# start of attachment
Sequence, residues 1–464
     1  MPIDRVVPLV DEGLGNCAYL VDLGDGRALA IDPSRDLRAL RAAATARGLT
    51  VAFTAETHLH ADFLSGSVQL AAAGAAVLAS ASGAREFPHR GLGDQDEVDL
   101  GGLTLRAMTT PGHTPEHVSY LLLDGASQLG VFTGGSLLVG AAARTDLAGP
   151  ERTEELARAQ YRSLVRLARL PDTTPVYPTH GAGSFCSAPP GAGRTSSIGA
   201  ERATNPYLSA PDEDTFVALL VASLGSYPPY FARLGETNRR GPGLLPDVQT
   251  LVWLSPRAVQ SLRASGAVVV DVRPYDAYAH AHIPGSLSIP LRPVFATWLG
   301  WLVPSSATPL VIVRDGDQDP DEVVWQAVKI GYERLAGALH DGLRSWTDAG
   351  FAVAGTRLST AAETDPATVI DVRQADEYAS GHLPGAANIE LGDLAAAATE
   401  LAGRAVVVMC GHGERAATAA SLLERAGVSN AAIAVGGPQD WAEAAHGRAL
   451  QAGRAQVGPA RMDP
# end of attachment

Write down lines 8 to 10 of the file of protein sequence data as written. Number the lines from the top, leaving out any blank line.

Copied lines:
   301  WLVPSSATPL VIVRDGDQDP DEVVWQAVKI GYERLAGALH DGLRSWTDAG
   351  FAVAGTRLST AAETDPATVI DVRQADEYAS GHLPGAANIE LGDLAAAATE
   401  LAGRAVVVMC GHGERAATAA SLLERAGVSN AAIAVGGPQD WAEAAHGRAL